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Zeppa Bistro is a South Wedge delight

Zeppa Bistro is at the apex of this resurgent neighborhood's food chain

A parade of new shops and eateries is lining up along the South Wedge and Zeppa Bistro leads the way—despite being nearly hidden in the back corner of the historic German House on Gregory Street. The restaurant is reminiscent of cozy Italian eateries in cramped New York City basements or Old-World taverns hiding down Venetian side streets.

Long time Rochesterians will remember The Keg, a popular spot to hear musicians playing in the Zeppa Auditorium upstairs or for sports fans to catch the latest game. Zeppa Bistro has erased all reminders of The Keg except the location of the bar. The entrance opens to a sloped staircase leading to the main dining room with gray-tiled floors and dark wood-paneled walls. Between ceiling-level windows flicker rows of tea candles perched on a ledge, creating a dreamy, quiet atmosphere. Tables are scattered far enough apart to allow privacy and a little romance.

The dapper bar boasts a handwritten chalkboard sign and a tantalizing list of beer, wine and liquor. There are also trendy new handmade cocktails for spring. The Blood Orange Martini is a sweet, tart blend that starts with muddled lime-and-rosemary simple syrup. The addition of blood orange purée, a snazzy ingredient made in-house as well as Stoli O vodka, and Cointreau supply enough citrus to allow yourself more than one martini, if only for the sake of all that vitamin C.

The Ginger Shandy is a nod to the beer and liquor fusion trend for those who can’t make up their minds. Muddled mint leaves and ginger simple syrup provide a base for Domaine de Canton French ginger liqueur and fresh-squeezed lemon juice. The last touch, Breckenridge Brewery Agave nectar wheat beer, adds a bit of sparkle.

Flaky Parker House rolls are plucked from a straw basket where they’re kept warm in a swath of dark linens. A small porcelain dish of butter also arrives, and it’s the very first indication that the chefs at Zeppa intend to stand out. They add chives, salt, pepper, garlic and a splash of worcestershire sauce before reshaping the ingredients into tiny yellow tufts. The rolls pop apart in layers, a nod to buttering etiquette.

The first appetizer is a regional favorite with a twist: grilled chicken wings coated in house-made ‘Zeppa sauce’ served with chunky bleu cheese dressing. The bright orange sauce oozes, completely staining fingers and stinging lips. It’s the way chicken wings were always meant to be: messy, peppery and satisfying.

Kenneth Holenbeck and Seth Lindahl opened Zeppa Bistro in January 2012. The co-owner/co-chef duo also owns the eclectic Mise en Place market on South Avenue, where patrons can buy everything from a carton of eggs to a homemade meal at the takeout counter.

There’s a range of cuisines on the Zeppa menu, from lavish, European-influenced dishes like Dijon Herb Crusted Pork Schnitzel to simple entrees that highlight seasonal vegetables, like the Pan Roasted Airline Chicken Breast. The soup and salad menu also makes full use of seasonal vegetables. It’s hard to fathom lentil soup could be anything but a dish prepared by Grandma, but Zeppa has made it modern and mouth-watering. Ladled into a wide white bowl and stocked with english peas, pancetta, carrots, onions and pecorino, this is a lentil soup for the next generation. The truffle oil, perhaps, is the secret ingredient.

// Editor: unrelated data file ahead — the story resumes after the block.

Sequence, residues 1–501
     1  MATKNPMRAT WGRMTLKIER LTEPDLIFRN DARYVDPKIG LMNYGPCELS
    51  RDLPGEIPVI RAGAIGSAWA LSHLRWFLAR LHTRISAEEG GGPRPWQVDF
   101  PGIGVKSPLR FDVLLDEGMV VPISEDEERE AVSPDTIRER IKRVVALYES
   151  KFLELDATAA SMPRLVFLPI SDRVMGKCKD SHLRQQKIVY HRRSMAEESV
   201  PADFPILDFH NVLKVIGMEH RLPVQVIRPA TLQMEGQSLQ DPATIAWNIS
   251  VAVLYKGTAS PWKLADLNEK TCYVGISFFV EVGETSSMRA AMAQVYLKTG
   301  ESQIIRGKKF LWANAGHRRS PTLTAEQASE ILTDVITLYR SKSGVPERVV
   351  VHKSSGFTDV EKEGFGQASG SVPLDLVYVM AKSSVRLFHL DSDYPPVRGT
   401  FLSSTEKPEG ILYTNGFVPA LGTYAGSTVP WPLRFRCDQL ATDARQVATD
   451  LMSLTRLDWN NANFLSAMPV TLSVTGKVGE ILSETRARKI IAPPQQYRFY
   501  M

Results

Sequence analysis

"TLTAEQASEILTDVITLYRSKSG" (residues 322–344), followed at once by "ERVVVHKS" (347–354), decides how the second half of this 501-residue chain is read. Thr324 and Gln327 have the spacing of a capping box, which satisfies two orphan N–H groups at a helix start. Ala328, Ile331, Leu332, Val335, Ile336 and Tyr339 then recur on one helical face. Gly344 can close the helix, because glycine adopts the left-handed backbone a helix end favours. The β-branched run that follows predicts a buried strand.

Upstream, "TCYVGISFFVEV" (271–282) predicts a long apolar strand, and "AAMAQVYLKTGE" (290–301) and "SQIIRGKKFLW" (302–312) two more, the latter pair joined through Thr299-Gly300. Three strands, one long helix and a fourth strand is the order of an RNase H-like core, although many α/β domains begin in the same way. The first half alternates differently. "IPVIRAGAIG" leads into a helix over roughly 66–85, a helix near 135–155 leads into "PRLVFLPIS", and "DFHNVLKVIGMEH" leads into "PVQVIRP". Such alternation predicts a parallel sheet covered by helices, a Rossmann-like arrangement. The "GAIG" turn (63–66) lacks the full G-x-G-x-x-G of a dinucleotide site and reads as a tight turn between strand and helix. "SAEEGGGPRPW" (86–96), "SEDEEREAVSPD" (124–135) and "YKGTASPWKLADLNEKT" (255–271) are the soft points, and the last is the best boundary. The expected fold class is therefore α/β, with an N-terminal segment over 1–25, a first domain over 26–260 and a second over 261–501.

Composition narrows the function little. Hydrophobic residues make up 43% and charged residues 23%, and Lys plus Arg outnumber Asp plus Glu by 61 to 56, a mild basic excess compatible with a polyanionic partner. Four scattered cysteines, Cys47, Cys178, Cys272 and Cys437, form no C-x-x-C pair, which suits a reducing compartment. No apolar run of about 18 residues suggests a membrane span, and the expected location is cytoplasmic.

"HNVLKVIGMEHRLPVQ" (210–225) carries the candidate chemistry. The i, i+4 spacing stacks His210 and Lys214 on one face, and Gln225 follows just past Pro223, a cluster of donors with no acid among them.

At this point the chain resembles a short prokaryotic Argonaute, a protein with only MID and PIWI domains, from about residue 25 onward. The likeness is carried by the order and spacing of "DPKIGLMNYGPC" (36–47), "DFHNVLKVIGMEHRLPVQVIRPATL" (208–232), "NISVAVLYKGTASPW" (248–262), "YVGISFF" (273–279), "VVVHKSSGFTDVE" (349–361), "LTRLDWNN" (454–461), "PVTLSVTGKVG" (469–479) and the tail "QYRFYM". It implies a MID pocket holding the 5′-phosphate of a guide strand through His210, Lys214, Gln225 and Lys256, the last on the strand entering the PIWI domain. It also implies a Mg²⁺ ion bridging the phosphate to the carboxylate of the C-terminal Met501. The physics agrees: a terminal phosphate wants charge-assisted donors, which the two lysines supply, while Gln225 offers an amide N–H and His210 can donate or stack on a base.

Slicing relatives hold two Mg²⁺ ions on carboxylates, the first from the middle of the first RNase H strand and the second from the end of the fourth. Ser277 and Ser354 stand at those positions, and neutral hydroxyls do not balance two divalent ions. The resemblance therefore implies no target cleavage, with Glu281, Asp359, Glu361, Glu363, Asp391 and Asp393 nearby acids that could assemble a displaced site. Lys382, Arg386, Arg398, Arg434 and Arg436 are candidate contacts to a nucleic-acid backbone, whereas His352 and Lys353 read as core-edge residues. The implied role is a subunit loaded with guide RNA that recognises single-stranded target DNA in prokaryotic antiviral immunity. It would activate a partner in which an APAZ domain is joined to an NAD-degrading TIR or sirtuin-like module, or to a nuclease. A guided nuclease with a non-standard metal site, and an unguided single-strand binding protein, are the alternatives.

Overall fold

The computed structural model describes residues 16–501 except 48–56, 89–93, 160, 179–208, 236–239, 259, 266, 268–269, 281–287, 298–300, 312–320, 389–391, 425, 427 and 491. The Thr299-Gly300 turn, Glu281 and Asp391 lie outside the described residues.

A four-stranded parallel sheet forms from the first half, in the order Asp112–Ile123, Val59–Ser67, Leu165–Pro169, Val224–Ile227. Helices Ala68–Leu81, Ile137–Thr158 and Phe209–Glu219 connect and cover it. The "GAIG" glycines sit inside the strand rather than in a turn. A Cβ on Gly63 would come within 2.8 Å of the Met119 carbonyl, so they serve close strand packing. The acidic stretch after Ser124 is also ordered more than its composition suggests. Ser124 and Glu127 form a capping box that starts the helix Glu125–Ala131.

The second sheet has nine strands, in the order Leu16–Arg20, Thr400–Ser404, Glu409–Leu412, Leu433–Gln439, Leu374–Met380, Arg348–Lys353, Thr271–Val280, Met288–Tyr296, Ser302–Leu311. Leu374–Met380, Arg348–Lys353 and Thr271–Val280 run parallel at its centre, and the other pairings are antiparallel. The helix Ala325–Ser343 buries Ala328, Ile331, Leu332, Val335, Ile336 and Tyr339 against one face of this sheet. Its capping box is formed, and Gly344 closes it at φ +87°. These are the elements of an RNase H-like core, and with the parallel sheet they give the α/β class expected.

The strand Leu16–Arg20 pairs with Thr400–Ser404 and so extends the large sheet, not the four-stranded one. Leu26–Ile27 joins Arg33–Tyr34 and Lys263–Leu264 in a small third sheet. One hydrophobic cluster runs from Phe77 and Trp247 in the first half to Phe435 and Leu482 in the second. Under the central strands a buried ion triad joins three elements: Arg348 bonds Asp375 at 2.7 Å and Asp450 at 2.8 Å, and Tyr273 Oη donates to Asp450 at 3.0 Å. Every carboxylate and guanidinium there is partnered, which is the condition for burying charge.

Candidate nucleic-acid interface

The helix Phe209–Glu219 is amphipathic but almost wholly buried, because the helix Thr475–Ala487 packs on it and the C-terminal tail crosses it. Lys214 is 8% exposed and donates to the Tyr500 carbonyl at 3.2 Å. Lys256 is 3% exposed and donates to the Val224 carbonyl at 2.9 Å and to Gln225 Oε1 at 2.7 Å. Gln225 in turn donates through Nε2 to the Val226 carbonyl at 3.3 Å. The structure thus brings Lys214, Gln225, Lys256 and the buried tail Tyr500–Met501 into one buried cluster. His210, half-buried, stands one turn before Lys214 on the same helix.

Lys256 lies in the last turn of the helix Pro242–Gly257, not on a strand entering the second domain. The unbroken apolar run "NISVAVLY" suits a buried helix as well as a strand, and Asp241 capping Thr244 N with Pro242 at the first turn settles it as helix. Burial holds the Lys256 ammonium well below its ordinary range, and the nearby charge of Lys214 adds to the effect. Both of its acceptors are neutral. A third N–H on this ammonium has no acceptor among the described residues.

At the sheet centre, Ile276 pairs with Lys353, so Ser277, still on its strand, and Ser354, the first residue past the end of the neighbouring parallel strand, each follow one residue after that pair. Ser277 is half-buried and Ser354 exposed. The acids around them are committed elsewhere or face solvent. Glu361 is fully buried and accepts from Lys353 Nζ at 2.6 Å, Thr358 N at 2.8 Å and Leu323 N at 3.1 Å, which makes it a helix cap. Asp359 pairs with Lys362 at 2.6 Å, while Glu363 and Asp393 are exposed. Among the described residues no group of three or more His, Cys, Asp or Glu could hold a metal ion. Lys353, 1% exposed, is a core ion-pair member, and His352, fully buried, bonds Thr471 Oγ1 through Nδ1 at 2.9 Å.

Zeppa works closely with local farms to create meals around their produce and livestock. The Maple Leaf Farms duck breast entrée splays tender slices of duck breast across a generous portion of sage gnocchi, braised greens and baby carrots bathed in brown butter jus and fig balsamic vinaigrette. The edges of the duck breast provide a crisp, saline finish to the mallard’s mild flesh. Cut into squares rather than rolled, the gnocchi is atypical—a texture somehwere between doughy bread and pasta, but light on potato. In a side dish that could have been bland, a smattering of sage made the gnocchi piquant and full of body. The balsamic, greens and carrots lend a bit of brightness for the meal. Overall, the duck entrée was very filling and could easily be split by two people with the addition of an appetizer and dessert.

Beef abounds on the menu, but the ten-ounce Ground Chuck Burger—topped with fried egg, Jarlsberg cheese, bacon onion jam, mushrooms, whole grain mustard vegetable relish and garlic aioli on a black sesame hard roll—might be the most ambitious. The burger towers at nearly six inches and comes with a pile of steaming pommes frîtes.

There isn’t a printed menu for dessert, as the specials change weekly, sometimes even daily. Most of the choices are a spin on traditional favorites—and like the entrées, served in generous portions. The orange and cinnamon ricotta cannoli dessert arrives with two full-sized cannoli and a heaping scoop of chocolate orange ice cream. A dusting of powdered sugar and sprig of mint add delicacy, but doesn’t detract from the luscious, thick ricotta dripping from the crumbling cannoli shells or the dense, creamy ice cream—with a texture more like gelato.

The bill came to $75 before tip (and that included cocktails), a steal in such an up-and-coming neighborhood. In a local food scene that tends to dilute “farm-to-table” and “bistro” with overuse and underachievement, Zeppa is a bold newcomer prepared to compete with more-established spots in Rochester.

The food is fresh and inventive, the service is snappy, and the patrons just keep coming back.

Leah Stacy is a freelance writer and videographer. She’s also the co-founder of a travel journalism startup called The Bly Project.


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